“The Mayoral Archives project alone is a big win for my company, and the broader partnership is a key element of our national growth strategy,” said HistoryIT Founder and CEO Kristen Gwinn-Becker. “Our Indianapolis facility will allow us to digitize and make searchable a great number of Midwest-based collections – for politicians, businesses, government papers, organizational collections, and even for families.” The proximity and involvement of UIndy students and faculty is an added value, she noted: “We are thrilled to be able to draw on the expertise at UIndy, as well as to provide training and professional development opportunities for students and new graduates.”
For UIndy students, the agreement includes the development of a paid internship program and the integration of HistoryIT operations into university curriculum in the departments of History, Communication, English, Art & Design and Computer Science. Among other possibilities, these interactions will help fuel the development of a new Digital Media Studies program at the university.
‘Bringing the Colts to Indianapolis’
The first portion of the Mayoral Archives to be digitized was made available online today. “Bringing the Colts to Indianapolis” comprises 600 items from the Hudnut and Lugar collections pertaining to the city’s efforts to land an NFL team and generally build Indianapolis’ image as a sports capital, including photos, promotional materials and confidential documents not previously available to the public.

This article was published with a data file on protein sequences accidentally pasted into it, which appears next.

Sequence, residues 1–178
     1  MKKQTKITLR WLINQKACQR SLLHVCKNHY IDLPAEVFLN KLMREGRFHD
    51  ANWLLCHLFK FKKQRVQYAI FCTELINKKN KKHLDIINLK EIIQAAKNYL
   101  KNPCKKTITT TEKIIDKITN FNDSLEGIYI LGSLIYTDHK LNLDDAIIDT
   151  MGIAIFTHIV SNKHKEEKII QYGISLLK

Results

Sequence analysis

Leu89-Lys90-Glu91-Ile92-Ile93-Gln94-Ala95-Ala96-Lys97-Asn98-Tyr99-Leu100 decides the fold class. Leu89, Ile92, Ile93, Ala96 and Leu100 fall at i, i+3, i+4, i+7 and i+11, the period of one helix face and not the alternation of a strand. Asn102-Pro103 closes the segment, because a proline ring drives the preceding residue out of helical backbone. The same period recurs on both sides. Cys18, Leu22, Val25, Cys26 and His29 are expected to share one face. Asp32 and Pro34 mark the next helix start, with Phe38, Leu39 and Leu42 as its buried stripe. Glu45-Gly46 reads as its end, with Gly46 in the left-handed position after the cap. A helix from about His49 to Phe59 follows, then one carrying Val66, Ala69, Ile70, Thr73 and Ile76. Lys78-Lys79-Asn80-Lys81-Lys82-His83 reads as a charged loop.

One interesting item is a March 1984 letter from Hudnut to then-Colts owner Robert Irsay that will resonate with anyone who recalls the team’s controversial overnight exodus from Baltimore.
“We have a blue-ribbon committee of Community leadership already lined up to welcome the Colts with red carpet treatment,” Hudnut wrote. “Mayflower Moving Company … has offered to move all your office and training facility equipment out here on a moment’s notice free of charge.”
History buffs – and Colts fans – can browse the archives themselves at uindy.archivestree.com.
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The University of Indianapolis is a private, comprehensive institution of higher education founded in 1902, with a home campus of 5,400 students and partnership sites around the world. UIndy offers a strong liberal arts foundation along with cutting-edge business and professional preparation in a close-knit community that enjoys the opportunities and amenities of a major city. The university’s challenging undergraduate, master’s and doctoral programs include nationally ranked offerings in the health sciences. UIndy’s mission is to prepare graduates for responsible and articulate membership in society and for excellence and leadership in their professional and personal lives.
HistoryIT is a full service consultancy and software development company headquartered in Portland, Maine. Dedicated to providing access to historical records by organizing, digitizing and tagging them, HistoryIT’s team builds digital collections for both private and public viewing. It maintains facilities in Indianapolis, Evanston, IL, and Washington, D.C., and offers its services to a wide range of clients, including archives, museums, universities, libraries, municipalities, businesses, nonprofit organizations, religious institutions and public officials. These clients find that transforming their records and artifacts into dynamic, searchable resources allows them to better support educational research, business management, fundraising and outreach.Source: University of Indianapolis